Nurses who do encounter workplace violence should receive immediate treatment for the physical injuries, but they also will need treatment for the emotional distress. Workplace violence can lead to stress, anxiety, depression, fear, and burnout and impact a person’s quality of life as well as the ability to offer the best patient care possible. The repercussions can’t be underestimated, so nurses shouldn’t brush it off or try to minimize it.

Each healthcare organization needs to address this issue and have plans in place for preventing, reporting, and responding to workplace violence. Failing to do so is failing to protect employees and patients from getting the treatment they need in a safe environment.

SBAR Communication Helps Nurses

SBAR Communication Helps Nurses

Nurses know how important communication is in the midst of their typically fast-paced and hectic day, and without excellent communication skills, time can be wasted. When nurses need to relay information concisely and quickly to physicians, the SBAR communication method is a favorite way of getting information across.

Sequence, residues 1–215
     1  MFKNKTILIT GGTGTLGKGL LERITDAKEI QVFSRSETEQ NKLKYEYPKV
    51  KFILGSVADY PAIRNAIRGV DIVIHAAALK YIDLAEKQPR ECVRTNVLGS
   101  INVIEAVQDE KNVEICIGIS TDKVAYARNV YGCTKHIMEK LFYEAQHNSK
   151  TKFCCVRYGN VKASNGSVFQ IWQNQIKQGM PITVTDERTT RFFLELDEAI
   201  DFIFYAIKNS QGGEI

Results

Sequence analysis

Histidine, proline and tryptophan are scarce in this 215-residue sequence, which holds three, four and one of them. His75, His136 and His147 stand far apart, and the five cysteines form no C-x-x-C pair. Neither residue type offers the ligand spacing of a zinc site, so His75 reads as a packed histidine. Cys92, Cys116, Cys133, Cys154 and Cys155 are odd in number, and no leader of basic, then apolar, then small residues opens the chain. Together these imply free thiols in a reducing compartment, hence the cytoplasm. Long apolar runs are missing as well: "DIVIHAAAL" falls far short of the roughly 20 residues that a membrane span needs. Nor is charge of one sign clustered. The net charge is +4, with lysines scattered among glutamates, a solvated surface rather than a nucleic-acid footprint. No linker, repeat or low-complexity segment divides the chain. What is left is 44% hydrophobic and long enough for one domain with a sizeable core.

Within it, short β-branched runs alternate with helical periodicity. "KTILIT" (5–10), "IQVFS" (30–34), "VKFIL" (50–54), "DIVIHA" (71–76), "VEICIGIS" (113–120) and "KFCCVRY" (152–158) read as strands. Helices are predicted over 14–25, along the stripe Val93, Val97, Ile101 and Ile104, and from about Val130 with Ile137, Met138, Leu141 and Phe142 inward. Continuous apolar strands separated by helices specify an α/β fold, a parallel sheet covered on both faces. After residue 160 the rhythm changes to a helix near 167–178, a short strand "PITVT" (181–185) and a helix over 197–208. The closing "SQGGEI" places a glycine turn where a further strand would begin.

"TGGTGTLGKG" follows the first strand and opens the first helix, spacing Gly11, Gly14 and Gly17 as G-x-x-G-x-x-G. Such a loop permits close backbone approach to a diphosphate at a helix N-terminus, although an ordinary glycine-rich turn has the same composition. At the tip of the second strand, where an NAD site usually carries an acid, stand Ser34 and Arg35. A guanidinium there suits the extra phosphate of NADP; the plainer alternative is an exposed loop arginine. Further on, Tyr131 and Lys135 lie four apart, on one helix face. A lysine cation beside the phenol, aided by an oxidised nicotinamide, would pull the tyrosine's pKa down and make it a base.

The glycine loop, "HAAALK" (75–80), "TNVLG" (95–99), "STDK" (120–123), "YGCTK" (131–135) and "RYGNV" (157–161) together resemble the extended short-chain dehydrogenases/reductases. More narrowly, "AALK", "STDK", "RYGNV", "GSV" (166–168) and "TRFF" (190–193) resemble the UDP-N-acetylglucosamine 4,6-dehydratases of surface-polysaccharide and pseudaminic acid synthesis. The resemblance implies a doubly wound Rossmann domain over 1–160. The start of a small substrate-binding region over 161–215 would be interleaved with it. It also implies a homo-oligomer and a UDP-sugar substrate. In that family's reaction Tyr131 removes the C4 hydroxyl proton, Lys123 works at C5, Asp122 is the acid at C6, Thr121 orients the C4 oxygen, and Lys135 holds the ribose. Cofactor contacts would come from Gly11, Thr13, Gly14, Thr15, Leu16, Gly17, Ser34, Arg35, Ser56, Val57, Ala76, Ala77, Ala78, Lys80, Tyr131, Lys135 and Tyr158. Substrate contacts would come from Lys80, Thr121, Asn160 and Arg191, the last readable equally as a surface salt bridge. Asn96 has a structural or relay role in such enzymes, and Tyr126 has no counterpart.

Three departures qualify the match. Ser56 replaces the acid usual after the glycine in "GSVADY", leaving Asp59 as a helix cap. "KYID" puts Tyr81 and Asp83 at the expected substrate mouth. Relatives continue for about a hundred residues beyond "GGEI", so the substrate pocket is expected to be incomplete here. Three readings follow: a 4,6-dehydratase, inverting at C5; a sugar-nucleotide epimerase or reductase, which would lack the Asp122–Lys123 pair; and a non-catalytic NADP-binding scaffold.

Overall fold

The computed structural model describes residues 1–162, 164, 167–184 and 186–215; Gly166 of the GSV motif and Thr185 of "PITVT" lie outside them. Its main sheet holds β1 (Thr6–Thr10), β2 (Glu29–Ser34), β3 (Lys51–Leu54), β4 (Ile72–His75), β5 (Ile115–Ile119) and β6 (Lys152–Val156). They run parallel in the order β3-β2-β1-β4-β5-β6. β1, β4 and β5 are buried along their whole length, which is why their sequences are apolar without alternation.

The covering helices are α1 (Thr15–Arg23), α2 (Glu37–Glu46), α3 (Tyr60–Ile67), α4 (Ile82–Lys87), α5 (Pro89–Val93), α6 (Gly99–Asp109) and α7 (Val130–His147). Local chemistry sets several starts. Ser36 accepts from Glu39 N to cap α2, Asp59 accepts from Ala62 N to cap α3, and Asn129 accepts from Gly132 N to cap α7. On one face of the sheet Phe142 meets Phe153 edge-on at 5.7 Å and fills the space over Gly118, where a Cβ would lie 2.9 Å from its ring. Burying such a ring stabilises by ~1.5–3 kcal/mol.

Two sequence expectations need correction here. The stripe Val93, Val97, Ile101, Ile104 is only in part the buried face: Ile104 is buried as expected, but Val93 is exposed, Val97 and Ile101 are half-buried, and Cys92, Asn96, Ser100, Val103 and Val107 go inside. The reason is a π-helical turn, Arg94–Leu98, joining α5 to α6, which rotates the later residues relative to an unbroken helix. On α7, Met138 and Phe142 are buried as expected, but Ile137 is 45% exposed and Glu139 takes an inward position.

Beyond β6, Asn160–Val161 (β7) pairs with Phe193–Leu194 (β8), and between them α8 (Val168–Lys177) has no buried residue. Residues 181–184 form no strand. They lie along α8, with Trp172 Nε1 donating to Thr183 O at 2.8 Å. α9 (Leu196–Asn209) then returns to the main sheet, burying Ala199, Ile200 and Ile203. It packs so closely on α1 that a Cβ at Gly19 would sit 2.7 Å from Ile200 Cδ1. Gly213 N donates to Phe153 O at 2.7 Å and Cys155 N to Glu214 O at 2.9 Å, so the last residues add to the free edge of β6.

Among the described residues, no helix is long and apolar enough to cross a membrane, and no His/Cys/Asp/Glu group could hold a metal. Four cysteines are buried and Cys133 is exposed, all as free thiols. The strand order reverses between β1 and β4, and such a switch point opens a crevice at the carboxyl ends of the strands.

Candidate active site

“SBAR was originally developed by the military as a way to standardize communication,” says Kimberly Mays, RN, MSN, MBA, CJCP and RN consultant with the Joint Commission Resources. SBAR crossed over to medical use when nurses with military experience thought the method would help improve practices, especially when relaying information to physicians quickly, she says. “SBAR helps a nurse organize information for why they are calling a physician,” says Mays.

The SBAR communication method relies on standard steps which a nurse can fine-tune with experience. The acronym stands for the steps needed – situation (state what is going on very briefly); background (relevant information about medications or prior diagnosis); assessment (what you think is going on and needed); and recommendation (what are you asking the physician to do – change medication or reassess patient, etc.).